A video of a woman’s confrontation with two Boise drivers went viral over the weekend, racking up more than a million views within days.
Many viewers couldn’t agree on whether she was trying to exercise self-defense justice or needed help.
The video shows a brown Subaru driving erratically on West Overland Road near the Wye interchange. The vehicle stops in the middle of the road and a woman gets out. The woman, wearing a clothespin necklace and two pairs of glasses over a hat that read ‘Blessed’, begins waving her arms and yelling at the drivers behind her to turn off their cars and raise their hands in l ‘air. Then she starts knocking outside a car.
twitter user fifty shades of wheywhose account has 198,000 followers and lists her location in New York, seemed to think the woman was trying to be arrested.
“This woman in Idaho is trying to make a citizen’s arrest in the middle of the street,” Whey captioned the video.
About 9,000 people have since retweeted the video, with some Idaho residents adding their own thoughts on the alleged citizen’s arrest.
“God, I just *can’t wait* for this to be the Idaho standard,” Mike Satz, executive director of the political advocacy group Idaho 97 Project, said in a tweet.
Video shared with misleading caption
Boise resident Daniel Mejia is the one who captured the video posted by Whey. Mejia, who originally posted it on the Treasure Valley Crime and Community Facebook page, disagreed with Whey’s assessment.
Mejia told the statesman that around 7:45 p.m. Friday, he saw the brown Subaru in front of him brake and turn, forcing Mejia’s vehicle and another driver in a truck to stop.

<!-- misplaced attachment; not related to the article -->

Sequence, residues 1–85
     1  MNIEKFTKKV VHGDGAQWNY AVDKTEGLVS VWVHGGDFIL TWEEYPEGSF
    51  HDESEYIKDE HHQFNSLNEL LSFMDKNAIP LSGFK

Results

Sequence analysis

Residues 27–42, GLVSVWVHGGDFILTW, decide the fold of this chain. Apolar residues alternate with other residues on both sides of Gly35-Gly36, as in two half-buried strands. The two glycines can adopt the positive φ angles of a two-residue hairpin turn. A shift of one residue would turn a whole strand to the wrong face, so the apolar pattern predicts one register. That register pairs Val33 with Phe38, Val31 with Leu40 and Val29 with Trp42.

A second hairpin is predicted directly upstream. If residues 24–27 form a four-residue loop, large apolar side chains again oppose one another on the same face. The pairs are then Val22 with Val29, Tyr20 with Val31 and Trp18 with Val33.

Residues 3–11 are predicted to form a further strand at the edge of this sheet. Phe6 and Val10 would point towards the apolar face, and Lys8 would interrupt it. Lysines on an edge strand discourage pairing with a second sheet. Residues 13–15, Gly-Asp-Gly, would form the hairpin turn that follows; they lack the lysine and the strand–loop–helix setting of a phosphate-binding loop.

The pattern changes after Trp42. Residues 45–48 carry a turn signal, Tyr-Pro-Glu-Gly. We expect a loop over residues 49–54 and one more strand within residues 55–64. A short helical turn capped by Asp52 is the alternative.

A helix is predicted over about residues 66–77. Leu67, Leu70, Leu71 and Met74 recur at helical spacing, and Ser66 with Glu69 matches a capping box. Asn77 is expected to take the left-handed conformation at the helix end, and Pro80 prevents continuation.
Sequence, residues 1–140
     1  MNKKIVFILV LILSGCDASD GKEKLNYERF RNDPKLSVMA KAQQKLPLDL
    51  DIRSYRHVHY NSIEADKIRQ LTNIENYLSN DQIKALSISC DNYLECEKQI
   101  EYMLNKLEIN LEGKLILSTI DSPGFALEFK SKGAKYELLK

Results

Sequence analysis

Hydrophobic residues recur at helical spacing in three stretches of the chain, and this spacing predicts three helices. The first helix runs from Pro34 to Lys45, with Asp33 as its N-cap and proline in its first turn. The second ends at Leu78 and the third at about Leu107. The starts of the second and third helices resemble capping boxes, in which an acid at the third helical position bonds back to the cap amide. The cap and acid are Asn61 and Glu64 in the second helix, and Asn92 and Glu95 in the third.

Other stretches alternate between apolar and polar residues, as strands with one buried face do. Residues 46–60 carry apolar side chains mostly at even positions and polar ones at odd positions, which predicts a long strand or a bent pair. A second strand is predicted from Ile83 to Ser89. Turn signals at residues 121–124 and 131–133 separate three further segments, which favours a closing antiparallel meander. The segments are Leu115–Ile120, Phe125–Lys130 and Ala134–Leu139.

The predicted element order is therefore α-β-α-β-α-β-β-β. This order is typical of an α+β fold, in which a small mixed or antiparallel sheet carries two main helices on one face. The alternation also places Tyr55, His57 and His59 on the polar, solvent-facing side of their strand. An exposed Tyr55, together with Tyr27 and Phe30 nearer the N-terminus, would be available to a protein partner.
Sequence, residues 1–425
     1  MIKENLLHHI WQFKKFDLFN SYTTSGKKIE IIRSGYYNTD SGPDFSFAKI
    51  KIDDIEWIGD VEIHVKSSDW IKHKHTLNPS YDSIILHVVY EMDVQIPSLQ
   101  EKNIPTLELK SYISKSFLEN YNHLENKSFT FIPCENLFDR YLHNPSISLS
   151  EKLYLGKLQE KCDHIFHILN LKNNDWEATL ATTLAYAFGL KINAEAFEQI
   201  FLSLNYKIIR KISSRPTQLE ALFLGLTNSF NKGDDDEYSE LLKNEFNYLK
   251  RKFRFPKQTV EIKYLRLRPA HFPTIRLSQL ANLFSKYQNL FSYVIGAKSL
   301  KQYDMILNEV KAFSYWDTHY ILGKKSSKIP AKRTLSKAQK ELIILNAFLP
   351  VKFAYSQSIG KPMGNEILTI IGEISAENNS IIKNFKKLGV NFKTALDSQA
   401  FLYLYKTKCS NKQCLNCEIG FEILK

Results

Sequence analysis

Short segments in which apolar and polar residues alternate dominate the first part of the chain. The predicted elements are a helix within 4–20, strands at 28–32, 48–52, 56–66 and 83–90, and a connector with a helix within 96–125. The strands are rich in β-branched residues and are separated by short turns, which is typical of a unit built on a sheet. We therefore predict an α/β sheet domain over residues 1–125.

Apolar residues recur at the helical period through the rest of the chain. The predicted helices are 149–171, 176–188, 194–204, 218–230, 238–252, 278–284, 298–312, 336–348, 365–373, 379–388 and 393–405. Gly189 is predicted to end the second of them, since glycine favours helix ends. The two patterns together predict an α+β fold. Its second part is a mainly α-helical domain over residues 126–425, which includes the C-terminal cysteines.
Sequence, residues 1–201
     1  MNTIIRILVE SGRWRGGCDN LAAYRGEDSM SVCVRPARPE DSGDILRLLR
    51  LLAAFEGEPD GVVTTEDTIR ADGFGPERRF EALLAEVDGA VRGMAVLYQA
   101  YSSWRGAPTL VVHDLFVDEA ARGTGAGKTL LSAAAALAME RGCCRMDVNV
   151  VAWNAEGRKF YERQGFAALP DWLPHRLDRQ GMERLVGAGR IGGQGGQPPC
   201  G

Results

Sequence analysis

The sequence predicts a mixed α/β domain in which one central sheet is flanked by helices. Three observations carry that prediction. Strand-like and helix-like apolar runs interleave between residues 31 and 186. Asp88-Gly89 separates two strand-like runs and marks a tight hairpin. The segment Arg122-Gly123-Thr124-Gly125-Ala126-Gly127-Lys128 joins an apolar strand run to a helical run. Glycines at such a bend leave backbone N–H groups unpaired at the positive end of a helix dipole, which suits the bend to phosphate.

He said he had “no idea” what might have provoked the female Subaru driver or what she was trying to do. Mejia quickly turned into the other lane and began filming from inside his vehicle.
“I was confused and worried, just because I didn’t know what she was doing and why she was giving us these orders,” Mejia told the Idaho Statesman. “I was also worried because of his sudden hand movements. I didn’t know what his (intentions) were.
In the video, Mejia’s vehicle can be seen starting just as the woman begins to hit her car. He said he then called 911.
Boise Police Department public information officer Haley Williams told the statesman that she had not received any information about a citizen’s arrest. Whey did not respond to the Idaho statesman’s request for comment.
Police say ‘medical emergency’
By the time the police arrived at the scene, the woman and her vehicle had left the road. The department’s behavioral health response team also responded, and “the incident was quickly determined to be a medical emergency,” according to Boise Police Communications Manager Haley Kramer. The Response Team includes civilian members who partner with the police to respond to people who may be in crisis.
“Evidence indicates that the subject suffered a medical emergency while in his vehicle, resulting in a seizure,” Kramer told the Statesman in an email. “After getting out of her vehicle and running down the road, she experienced another medical emergency. Subject was transported to hospital for treatment.
Because the woman was no longer on the road and suffering from medical issues, no police report was created, Williams said in a phone interview.
Williams said police had not seen the video at the time and were unsure if the department would take further action based on it, but members of the response team plan to stay involved. .
Williams said she could not release the woman’s name because she had not been arrested.
After seeing the video, the woman’s son contacted Mejia to let him know that the woman was recovering at Saint Alphonsus Regional Medical Center.
“As far as we know she is in St. Al’s hopefully recovering from what she was,” the son wrote in a Facebook post on Sunday, according to Mejia.
According to the Ada County Sheriff’s Office, Mejia made the right decisions on Friday.
Public Information Officer Patrick Orr said members of the sheriff’s office have advised people in potentially dangerous situations to call 911 immediately. After making that call, those who are able to get away safely from the threat — “safety focus” — can move to a safe location where they can “be a good witness,” according to Orr.
This story was originally published May 23, 2022 8:09 p.m.